As we fast forward to the present that is precisely what has occurred with a product called Kuali, then Kualico and now Kuali. Since the August 2014 announcement of a move to a commercial structure called KualiCo or Kuali, Inc. (yes I know it is confusing but this is all by design in desperation) it appears a significant erosion of open source activity in higher education has taken place. Since that time the former longtime chair of the Kuali Foundation has also stepped down from that role and as discussed in the previous text has washed from their past perhaps what as recently as 2014 would have been two major career cornerstones. Brad Wheeler washing Kuali from his past is a big warning sign.
The Numbers Don’t Lie
Several weeks ago word on the street was that the Kuali Foundation has cut KualiCo’s research admin. software (called Kuali Research) funding by $60K per month since the KC project is out of money. I am guessing this will mean…something has to go.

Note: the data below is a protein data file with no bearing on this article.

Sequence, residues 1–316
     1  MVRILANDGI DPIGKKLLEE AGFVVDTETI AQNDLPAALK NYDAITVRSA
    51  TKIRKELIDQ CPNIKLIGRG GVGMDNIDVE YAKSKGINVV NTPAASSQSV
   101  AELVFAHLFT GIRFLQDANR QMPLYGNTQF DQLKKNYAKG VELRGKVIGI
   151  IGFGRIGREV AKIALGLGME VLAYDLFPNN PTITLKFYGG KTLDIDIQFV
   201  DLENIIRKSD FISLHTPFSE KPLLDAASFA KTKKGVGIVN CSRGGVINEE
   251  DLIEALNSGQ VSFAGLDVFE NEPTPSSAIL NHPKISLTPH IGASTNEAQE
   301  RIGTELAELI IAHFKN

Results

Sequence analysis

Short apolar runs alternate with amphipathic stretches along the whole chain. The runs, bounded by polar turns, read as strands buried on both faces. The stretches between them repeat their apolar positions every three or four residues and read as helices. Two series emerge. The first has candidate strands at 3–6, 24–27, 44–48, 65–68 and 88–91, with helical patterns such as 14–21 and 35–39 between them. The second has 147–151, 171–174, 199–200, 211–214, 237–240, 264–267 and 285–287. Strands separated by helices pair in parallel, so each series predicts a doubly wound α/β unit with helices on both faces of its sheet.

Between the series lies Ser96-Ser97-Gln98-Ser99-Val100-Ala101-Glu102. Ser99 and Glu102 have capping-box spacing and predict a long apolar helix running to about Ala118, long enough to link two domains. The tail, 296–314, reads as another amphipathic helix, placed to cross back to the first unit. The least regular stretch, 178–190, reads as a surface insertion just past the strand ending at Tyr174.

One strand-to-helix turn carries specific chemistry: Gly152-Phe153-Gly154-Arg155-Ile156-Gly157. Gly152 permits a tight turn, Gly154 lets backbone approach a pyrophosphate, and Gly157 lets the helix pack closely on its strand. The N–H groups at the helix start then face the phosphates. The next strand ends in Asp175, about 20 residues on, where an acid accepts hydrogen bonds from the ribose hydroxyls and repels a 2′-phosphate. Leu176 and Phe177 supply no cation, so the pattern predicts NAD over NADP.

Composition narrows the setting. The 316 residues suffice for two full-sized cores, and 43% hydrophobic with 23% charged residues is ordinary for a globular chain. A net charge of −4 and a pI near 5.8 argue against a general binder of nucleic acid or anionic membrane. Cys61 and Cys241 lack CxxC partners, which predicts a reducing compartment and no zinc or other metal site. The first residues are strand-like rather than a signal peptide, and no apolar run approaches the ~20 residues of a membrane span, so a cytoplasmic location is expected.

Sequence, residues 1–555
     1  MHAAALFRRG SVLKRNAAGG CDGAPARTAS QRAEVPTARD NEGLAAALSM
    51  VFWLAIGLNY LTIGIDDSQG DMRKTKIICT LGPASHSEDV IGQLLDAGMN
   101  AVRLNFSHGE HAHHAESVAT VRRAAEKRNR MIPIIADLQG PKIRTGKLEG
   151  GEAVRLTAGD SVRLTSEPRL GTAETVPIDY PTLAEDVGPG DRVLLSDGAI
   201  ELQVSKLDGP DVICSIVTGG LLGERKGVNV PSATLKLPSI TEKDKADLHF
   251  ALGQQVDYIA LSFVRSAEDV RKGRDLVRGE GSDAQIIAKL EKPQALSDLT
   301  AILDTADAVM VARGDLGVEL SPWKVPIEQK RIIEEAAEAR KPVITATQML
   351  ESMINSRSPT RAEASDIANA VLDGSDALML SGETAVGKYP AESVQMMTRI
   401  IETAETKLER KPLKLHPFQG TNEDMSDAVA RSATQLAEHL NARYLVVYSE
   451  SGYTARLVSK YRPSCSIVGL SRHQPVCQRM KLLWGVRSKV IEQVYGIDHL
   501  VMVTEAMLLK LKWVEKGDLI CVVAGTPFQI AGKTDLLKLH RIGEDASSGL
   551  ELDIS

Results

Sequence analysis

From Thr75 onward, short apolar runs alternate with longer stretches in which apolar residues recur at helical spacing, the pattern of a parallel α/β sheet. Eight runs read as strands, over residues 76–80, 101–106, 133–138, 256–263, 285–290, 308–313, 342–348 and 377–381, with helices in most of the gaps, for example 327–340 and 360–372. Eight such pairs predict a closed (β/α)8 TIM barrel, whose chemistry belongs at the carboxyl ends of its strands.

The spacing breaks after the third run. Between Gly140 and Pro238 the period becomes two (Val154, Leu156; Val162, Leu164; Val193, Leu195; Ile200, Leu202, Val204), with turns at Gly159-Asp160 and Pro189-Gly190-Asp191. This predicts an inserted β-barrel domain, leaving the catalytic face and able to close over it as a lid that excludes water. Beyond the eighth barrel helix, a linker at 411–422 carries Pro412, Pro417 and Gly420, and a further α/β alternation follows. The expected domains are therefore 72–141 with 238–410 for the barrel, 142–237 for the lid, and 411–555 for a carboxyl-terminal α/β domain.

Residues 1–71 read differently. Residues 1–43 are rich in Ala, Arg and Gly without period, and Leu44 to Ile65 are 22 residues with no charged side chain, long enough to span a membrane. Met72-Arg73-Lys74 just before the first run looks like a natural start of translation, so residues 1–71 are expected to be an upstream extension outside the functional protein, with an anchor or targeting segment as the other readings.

Let’s take a look at some published facts; that is the audited 2015 publicly available financial statements for the Kuali Foundation. I’ve learned that the FDP Conference in DC earlier this year was buzzing with the talk about the Kuali financials.
The latest Kuali financial statements do provide information on how Kuali Inc. was financed and the flow-through funds that continue. It also shows some of the financial impacts on the foundation itself. For example, all of their investments in CDs were liquidated.
The notes, as expected, described the Kuali Inc. financing. It was funded by a convertible interest-bearing loan of $1,000,000 from the foundation rather than as equity as we were told. The terms and conditions of the conversion to equity were not provided. The “veto” that the Kuali representative on the Kuali, Inc. board has over the sale or merger appears to be a condition in the convertible note as the auditors describe it. However, the veto right would not be there if the note were to be paid off. If the note converts and the equity percentage it represents is small compared to the majority vote, the veto right would be meaningless as well. I am speculating that the “veto” right is something that was announced to appease the unhappy schools at the time of the commercialization announcement in an effort to use their funds to fund KualiCo and “encourage” the community members to become “customers” of KualiCo.